Finally, as you yourself note, it ultimately comes down to the credibility of the evidence and what you’re willing to accept as legitimate proof. It’s one thing to say that you’re open to evidence that might disconfirm your beliefs; quite another to get you to admit that particular items of evidence constitute legitimate objections. Whatever bones I might produce in response to your #1, what hope would I have of ever establishing in your mind that they were in fact those of Jesus (DNA testing not having been overwhelmingly available in first century Palestine)?

In short, you’re playing a rhetorical game which by definition you win unless I can pass a series of impossible tests. This is in direct contradiction to Carl Sagan’s theorem that “extraordinary claims require extraordinary evidence”. By asking me to provide extraordinary evidence, you’re implicitly stating that my disbelief is a personal supreme being is an extraordinary claim. I would suggest instead that the existence of such a being is the extraordinary claim, and therefore the burden of extraordinary evidence ought to fall upon you. I’m willing to continue the discussion, but I’d rather not just play word games.

And I’d rather not go round and round with atheists who are exceedingly unlikely to change their minds regarding anything Christian. I usually stick to exposing fallacies and falsehoods in their reasoning when they attack Christianity.

I have neither attacked Christianity (all I said was that I was not personally a Christian) nor committed any fallacies or uttered any falsehoods in the course of this discussion. I am unlikely to change my opinions, since you have offered nothing in the way of evidence. I’ll leave it to the readers of these comments to decide who has made the more salient and useful comments.

[Since he wouldn’t tell us what his belief-system is, I discovered that he is an agnostic, as he stated five months ago in a comment elsewhere:

I didn’t say that there is no god. I said that I didn’t have any unequivocal proof that there is one. As a scientist ought to, I retain an open mind to any evidence that might be adduced in favor of the hypothesis. There is no faith involved except for a belief in the value of the scientific method. And even that is also open to question. . . . 

The “God” of evangelical Christians is only one possible thing to believe in. There is about as much evidence for its being an accurate descrioption of divinity as there is for the existence of Marduk, Apollo, or Set.

I prefer not to believe something for which there is no particular evidence other than what someone says or wrote down.I believe facts, and I believe reliable heuristics. That’s the default. It takes an affirmative action to assert the existence of something for which there is no evidence. It takes no faith at all to remain skeptical about such a being, and even more about the validity of a set of dubious moral precepts which are largely irrational and are premised solely on someone interpreting what they think that this dubious deity might actually want.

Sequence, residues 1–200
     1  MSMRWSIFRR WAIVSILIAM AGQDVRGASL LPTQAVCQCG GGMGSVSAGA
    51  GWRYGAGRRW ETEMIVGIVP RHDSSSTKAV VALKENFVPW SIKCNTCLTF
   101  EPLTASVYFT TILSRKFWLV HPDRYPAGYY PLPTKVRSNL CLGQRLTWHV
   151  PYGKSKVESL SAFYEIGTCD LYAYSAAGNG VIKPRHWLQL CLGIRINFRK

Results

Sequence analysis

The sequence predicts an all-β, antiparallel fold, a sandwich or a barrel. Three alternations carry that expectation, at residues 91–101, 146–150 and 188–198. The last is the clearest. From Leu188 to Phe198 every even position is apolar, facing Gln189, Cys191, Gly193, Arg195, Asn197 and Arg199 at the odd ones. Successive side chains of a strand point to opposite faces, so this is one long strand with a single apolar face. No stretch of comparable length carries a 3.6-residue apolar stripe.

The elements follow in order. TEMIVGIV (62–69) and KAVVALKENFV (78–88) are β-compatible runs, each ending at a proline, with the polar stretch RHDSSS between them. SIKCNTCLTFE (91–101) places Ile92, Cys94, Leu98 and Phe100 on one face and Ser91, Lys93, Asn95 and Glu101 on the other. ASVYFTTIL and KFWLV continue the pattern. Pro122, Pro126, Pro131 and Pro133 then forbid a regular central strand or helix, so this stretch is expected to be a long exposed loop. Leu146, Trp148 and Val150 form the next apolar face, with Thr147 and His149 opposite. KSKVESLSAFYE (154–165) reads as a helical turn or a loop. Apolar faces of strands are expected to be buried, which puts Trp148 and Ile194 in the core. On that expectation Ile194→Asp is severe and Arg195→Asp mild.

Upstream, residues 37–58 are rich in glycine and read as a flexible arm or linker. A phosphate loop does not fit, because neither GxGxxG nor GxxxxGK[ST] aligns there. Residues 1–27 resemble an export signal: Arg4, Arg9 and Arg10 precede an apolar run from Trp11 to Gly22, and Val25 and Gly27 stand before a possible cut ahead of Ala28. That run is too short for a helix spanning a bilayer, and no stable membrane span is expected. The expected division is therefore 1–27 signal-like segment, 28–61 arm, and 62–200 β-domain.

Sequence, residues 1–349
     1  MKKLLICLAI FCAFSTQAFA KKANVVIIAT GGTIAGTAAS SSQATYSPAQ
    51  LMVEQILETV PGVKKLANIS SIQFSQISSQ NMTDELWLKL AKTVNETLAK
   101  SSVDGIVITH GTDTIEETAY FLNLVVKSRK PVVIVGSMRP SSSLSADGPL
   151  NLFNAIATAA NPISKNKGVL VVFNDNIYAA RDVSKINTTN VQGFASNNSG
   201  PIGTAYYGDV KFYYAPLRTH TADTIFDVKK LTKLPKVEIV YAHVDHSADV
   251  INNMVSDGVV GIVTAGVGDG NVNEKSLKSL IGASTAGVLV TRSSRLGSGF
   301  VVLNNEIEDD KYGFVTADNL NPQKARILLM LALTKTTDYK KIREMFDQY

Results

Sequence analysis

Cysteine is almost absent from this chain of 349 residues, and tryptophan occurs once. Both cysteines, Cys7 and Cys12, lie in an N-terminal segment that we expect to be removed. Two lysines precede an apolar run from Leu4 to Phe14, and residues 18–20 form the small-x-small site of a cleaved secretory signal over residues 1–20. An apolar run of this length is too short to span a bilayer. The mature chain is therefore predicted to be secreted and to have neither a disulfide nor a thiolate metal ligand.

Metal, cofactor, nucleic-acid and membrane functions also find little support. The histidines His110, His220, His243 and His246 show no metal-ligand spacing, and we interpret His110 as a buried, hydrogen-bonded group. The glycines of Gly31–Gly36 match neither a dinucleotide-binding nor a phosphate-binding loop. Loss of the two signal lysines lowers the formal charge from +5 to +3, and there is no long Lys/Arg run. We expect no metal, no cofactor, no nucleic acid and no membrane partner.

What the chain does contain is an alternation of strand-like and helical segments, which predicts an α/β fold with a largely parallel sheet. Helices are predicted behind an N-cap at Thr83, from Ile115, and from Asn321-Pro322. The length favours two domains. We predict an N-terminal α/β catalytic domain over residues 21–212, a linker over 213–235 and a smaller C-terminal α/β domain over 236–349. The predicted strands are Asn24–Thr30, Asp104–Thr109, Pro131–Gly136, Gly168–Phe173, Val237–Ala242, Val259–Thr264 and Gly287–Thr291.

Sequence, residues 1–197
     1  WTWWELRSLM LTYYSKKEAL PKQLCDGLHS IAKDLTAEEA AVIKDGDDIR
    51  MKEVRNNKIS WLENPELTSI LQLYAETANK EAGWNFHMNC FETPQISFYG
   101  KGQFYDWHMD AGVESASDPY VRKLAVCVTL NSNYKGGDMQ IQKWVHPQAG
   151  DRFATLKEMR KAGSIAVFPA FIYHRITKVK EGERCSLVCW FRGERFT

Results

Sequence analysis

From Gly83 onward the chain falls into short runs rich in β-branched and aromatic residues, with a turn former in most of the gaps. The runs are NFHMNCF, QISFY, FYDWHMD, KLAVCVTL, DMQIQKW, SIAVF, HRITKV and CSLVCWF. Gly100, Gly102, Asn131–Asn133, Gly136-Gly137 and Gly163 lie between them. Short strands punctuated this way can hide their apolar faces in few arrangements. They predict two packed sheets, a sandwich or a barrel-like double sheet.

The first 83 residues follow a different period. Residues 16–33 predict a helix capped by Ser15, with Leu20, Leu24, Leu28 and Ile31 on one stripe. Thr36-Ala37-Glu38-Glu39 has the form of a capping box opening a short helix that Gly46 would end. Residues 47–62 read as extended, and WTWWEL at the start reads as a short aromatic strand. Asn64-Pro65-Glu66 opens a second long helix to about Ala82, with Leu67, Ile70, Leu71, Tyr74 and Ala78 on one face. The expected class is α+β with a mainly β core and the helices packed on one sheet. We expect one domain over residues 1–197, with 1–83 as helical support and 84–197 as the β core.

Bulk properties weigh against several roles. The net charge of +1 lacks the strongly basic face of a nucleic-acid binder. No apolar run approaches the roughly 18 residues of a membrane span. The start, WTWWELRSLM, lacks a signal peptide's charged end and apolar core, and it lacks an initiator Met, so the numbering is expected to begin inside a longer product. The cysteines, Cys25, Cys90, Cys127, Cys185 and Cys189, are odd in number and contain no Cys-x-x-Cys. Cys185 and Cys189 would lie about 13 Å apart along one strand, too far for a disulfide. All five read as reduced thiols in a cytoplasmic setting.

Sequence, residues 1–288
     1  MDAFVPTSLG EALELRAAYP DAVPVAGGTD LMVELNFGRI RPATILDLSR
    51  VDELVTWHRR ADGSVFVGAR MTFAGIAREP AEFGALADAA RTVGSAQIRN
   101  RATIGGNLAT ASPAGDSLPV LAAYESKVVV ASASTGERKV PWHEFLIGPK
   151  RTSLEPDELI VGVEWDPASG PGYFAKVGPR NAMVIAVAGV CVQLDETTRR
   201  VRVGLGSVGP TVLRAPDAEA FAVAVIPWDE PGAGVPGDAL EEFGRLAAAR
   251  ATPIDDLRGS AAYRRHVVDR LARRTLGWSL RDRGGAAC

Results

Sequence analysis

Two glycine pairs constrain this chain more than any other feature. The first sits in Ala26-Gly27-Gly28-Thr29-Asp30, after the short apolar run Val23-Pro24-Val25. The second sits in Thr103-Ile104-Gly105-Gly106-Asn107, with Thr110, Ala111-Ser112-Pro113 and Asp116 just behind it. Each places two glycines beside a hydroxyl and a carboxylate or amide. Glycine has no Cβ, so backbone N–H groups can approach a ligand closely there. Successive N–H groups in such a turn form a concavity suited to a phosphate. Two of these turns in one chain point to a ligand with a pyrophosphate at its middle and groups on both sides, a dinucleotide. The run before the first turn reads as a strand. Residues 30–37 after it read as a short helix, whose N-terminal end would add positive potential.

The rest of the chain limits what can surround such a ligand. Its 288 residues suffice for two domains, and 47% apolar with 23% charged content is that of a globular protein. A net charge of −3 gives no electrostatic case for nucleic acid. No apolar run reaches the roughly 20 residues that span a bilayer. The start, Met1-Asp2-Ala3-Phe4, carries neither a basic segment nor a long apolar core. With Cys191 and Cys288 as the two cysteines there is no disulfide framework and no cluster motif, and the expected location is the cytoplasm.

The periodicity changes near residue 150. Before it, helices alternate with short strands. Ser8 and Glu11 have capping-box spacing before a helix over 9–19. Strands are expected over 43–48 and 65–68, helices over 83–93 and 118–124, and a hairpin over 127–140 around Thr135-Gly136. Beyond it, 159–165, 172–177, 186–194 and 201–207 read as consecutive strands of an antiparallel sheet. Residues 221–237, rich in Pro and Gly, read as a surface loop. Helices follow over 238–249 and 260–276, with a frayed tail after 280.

I’m certainly prepared to accept the idea that there may be some larger intelligence behind the Universe. But I doubt that it issues instructions on the way to have sex or eat shrimp.

Ten months ago in the same thread, he wrote:

I have read the Bible carefully, and will stack my knowledge of it up against that of almost any Christian. I have read theologians from Plato through Augustine and Aquinas, to Luther and Calvin. I come from 13 generations of New Englanders; my direct ancestors were among the Puritans who founded Boston in 1630 and established its theocracy in the name of Calvin and Zwingli. I understand antinomianism, predestination, salvation by grace, dispensationalism, and a whole lot more. I’ve made a serious study of all this.

The problem is this: it all makes sense only if you are prepared to accept certain basic assumptions that make little to no sense, purely on faith (that is, belief without prior evidence). You’re welcome to believe whatever you like – six impossible things before breakfast, as the Red Queen said, if you like. Personally, I can see no basis for accepting a premise such as an omnipotent and omniscient being in charge of this whole Universe of a hundred billion galaxies each with a hundred million or more stars endowing me with the facility of reason and then requiring me to suspend it entirely in favor of believing a story made up a couple of thousand years ago on a hillside somewhere among the sheep; who would create someone knowing that he was going to do something wrong, and then create multiple billions of souls solely for the purpose of tormenting them for all eternity (since he would know that they wouldn’t accept the story at face value) on account of something that a supposed ancestor did unaccountable generations ago; and who moreover cares so much about who I might go to bed with that he requires me to be killed in the most appalling kinds of ways solely because of the plumbing of my bedmate. ]